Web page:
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A fugitive moves on, through anguished tunnels of time, down dim streets, into dark corners. And each new day offers fear and frustration, tastes of honey and hemlock. But if there is a hazard, there is also hope. - Closing narration to THE FUGITIVE, "Death Is The Door Prize".

#26 of 112 OFFLINE   Professor_Echo

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Posted March 01 2008 - 07:59 AM

I was talking about THE FUGITIVE with a friend of mine who lives in Hong Kong, but grew up in Germany. She told me that when the show first aired in Germany it was known as (translated to English): "The street-sweeping show."

Take a guess whyPosted Image

#27 of 112 OFFLINE   David Von Pein

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Posted March 01 2008 - 11:05 AM

Makes perfect sense. Who in their right mind would want to be out on the "street" when "The Fuge" was on TV?

Hence, Mr. Janssen has "swept" the streets clear of pedestrians (and maybe even hoboes, to boot)....everybody was inside watching Kimble and Gerard and "Lard Belly". Posted Image

I'll bet the level of crime dropped significantly during that Fuge hour every week too. (Except maybe for people who were trying to swipe TVs in order to watch the good doctor's weekly predicament.) Posted Image

#28 of 112 OFFLINE   David Von Pein

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Posted March 01 2008 - 11:07 AM

Jeff W.,

Thanks for "Post #22" above.

Good stuff. Posted Image

#29 of 112 OFFLINE   David Von Pein

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Posted March 01 2008 - 11:12 AM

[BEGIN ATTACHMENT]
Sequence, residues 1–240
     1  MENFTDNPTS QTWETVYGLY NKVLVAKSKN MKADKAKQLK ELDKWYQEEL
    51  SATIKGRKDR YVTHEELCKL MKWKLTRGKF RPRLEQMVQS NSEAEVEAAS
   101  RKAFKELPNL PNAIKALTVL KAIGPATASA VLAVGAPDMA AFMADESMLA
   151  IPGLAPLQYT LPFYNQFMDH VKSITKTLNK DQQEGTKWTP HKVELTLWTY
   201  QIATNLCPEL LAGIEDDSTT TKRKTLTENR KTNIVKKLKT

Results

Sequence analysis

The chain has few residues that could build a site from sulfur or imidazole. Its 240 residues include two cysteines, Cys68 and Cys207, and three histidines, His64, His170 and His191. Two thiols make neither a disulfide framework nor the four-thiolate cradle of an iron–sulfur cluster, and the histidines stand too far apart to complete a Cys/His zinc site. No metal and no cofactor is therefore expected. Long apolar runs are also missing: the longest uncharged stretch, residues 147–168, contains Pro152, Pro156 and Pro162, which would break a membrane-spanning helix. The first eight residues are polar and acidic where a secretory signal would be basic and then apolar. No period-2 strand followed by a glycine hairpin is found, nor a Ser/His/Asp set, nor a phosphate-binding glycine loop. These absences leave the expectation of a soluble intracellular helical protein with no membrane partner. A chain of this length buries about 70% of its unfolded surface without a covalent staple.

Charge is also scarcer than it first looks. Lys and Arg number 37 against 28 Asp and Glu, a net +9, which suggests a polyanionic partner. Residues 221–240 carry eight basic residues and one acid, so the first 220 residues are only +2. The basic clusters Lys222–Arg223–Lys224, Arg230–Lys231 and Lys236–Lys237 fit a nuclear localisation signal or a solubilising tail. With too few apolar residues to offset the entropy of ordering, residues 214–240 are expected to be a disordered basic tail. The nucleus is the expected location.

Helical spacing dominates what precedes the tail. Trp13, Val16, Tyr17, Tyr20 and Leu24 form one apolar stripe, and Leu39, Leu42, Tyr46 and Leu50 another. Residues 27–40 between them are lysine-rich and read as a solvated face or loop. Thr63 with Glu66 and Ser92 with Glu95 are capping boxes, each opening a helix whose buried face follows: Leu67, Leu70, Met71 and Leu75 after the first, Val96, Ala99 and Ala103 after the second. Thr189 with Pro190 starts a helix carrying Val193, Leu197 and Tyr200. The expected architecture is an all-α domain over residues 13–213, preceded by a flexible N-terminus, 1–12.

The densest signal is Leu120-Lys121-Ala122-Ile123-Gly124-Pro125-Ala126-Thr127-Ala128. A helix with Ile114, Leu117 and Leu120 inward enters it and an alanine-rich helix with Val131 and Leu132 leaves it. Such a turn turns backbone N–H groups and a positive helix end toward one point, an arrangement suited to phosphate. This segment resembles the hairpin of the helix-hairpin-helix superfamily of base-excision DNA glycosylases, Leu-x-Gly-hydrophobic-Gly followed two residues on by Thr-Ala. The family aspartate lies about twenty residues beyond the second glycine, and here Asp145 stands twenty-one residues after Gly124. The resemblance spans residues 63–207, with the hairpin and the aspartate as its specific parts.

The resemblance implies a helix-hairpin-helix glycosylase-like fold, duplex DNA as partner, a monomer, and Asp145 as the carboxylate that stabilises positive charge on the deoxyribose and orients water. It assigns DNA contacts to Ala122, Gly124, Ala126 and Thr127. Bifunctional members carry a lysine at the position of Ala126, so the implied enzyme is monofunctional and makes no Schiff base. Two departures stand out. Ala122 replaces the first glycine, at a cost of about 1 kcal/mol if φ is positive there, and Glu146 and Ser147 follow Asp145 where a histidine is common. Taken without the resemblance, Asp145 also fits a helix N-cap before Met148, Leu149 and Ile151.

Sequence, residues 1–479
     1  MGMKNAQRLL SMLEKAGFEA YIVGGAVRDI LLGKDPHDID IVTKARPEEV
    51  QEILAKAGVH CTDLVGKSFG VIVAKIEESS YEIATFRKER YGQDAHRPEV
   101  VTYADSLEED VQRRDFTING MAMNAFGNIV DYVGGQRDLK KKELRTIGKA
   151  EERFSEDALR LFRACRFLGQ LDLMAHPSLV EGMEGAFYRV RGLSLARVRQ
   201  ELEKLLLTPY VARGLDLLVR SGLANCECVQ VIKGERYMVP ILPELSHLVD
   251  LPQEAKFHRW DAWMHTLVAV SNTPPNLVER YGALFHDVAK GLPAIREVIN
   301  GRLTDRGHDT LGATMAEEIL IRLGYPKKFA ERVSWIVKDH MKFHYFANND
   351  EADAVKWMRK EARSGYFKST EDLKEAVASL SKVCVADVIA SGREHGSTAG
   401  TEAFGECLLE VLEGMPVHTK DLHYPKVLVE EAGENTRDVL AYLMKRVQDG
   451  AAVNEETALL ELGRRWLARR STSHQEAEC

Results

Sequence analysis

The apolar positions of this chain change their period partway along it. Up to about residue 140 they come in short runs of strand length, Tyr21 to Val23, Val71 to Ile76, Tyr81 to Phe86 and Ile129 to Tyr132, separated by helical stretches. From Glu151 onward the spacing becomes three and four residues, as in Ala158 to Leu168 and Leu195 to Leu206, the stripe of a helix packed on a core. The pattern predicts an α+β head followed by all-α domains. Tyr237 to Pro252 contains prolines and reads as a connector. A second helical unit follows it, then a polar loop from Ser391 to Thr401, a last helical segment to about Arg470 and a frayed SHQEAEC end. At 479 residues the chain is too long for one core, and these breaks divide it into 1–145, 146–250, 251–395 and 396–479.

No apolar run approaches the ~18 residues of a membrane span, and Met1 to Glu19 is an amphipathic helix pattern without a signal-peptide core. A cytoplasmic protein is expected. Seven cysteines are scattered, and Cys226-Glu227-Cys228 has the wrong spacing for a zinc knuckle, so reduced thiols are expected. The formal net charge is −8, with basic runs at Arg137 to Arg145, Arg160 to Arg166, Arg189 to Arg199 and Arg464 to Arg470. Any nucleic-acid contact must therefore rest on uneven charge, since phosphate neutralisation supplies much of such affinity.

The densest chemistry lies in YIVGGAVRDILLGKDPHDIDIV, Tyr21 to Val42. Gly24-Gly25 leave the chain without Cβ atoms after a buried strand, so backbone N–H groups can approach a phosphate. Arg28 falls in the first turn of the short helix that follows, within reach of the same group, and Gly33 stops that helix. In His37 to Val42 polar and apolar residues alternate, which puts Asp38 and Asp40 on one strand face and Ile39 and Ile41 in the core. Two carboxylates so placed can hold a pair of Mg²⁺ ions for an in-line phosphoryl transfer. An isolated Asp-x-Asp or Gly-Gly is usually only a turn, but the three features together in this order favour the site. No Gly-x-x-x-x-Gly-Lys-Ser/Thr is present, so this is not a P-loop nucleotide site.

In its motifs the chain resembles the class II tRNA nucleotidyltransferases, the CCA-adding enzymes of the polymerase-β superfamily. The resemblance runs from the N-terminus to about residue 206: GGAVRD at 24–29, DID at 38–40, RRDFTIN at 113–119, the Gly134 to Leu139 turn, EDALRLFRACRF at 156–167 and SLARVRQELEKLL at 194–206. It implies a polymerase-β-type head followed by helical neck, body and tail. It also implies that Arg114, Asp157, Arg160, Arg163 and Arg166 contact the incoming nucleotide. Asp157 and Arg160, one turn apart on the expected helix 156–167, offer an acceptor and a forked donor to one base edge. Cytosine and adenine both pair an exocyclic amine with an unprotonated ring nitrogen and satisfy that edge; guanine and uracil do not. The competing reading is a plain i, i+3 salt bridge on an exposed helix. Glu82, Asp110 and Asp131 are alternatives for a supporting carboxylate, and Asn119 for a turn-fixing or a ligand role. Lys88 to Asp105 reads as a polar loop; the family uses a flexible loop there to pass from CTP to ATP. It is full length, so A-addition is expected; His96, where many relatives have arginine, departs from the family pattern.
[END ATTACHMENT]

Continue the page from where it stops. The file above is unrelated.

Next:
Oops! Posted Image

Am I the one who spoiled that surprise for you? If so, I'm sorry. I guess it is kind of a "spoiler", huh?

I try to keep "spoilers" to a minimum in my reviews (or, on occasion use the spoiler "tags"), but sometimes there's a fine line between what is considered a true "spoiler" for one viewer vs. another viewer. (But, when in doubt, I suppose utilization of the spoiler tags would be the recommended action to take.)

For example, I have no hesitation at all to come right out and tell any first-time Fugitive watchers that Richard Kimble truly is "innocent" of killing his wife.

That isn't really a "spoiler", because Bill Conrad, in his opening-title narration on the very first episode of the series, tells us that "Richard Kimble is innocent". So, obviously, I feel no "spoiler tag" obligation when it comes to the question of "Did Kimble really do it?".

Many times, though, a major spoiler is revealed right on the DVD packaging notes, or the "preview" clip of the show (which will begin to appear when Volume 1 of Season 2 of "The Fugitive" arrives in June).

Which is one of the reasons why I advise people to bypass the "Preview/Trailer" clips at the beginning of an episode. Why have anything spoiled by watching a clip of something that you're just going to be viewing in the next 51 minutes anyway? Doesn't make sense to me (especially if you haven't seen the particular episode in question for quite some time, or if you've never seen it at all).

#30 of 112 OFFLINE   Gary OS

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Posted March 01 2008 - 11:28 AM

David, I didn't mean to imply that you had spoiled anything. I took Jeff as saying that he read the liner notes and found out that way. Then again, I may be wrong on that. I was just encouraging everyone to be remember that we do have people here who haven't been spoiled at all. I remember how much I enjoyed the series the first time around because I wasn't spoiled at all. And I'm hoping it can work that way for Jeff and others too. Gary "no offense intended toward anyone" O.
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#31 of 112 OFFLINE   David Von Pein

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Posted March 01 2008 - 11:34 AM

Well, Gary, Jeff couldn't have read that in the DVD liner notes, because the notes/descriptions don't mention anything about....

Kimble actually running into the slippery "single-armed individual" named Fred Johnson, played by the stone-faced Bill Raisch, who actually did lose most of his right arm in WW2 while fighting a fire. Posted Image
But I guess it's kind of late for a "spoiler tag" now on this matter, isn't it? Posted Image

#32 of 112 OFFLINE   Professor_Echo

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Posted March 01 2008 - 11:58 AM


Yes, that's about right. They said that when THE FUGITIVE aired in Germany everyone stayed in to watch it, thus giving the street sweepers an opportunity to clean the streets.Posted Image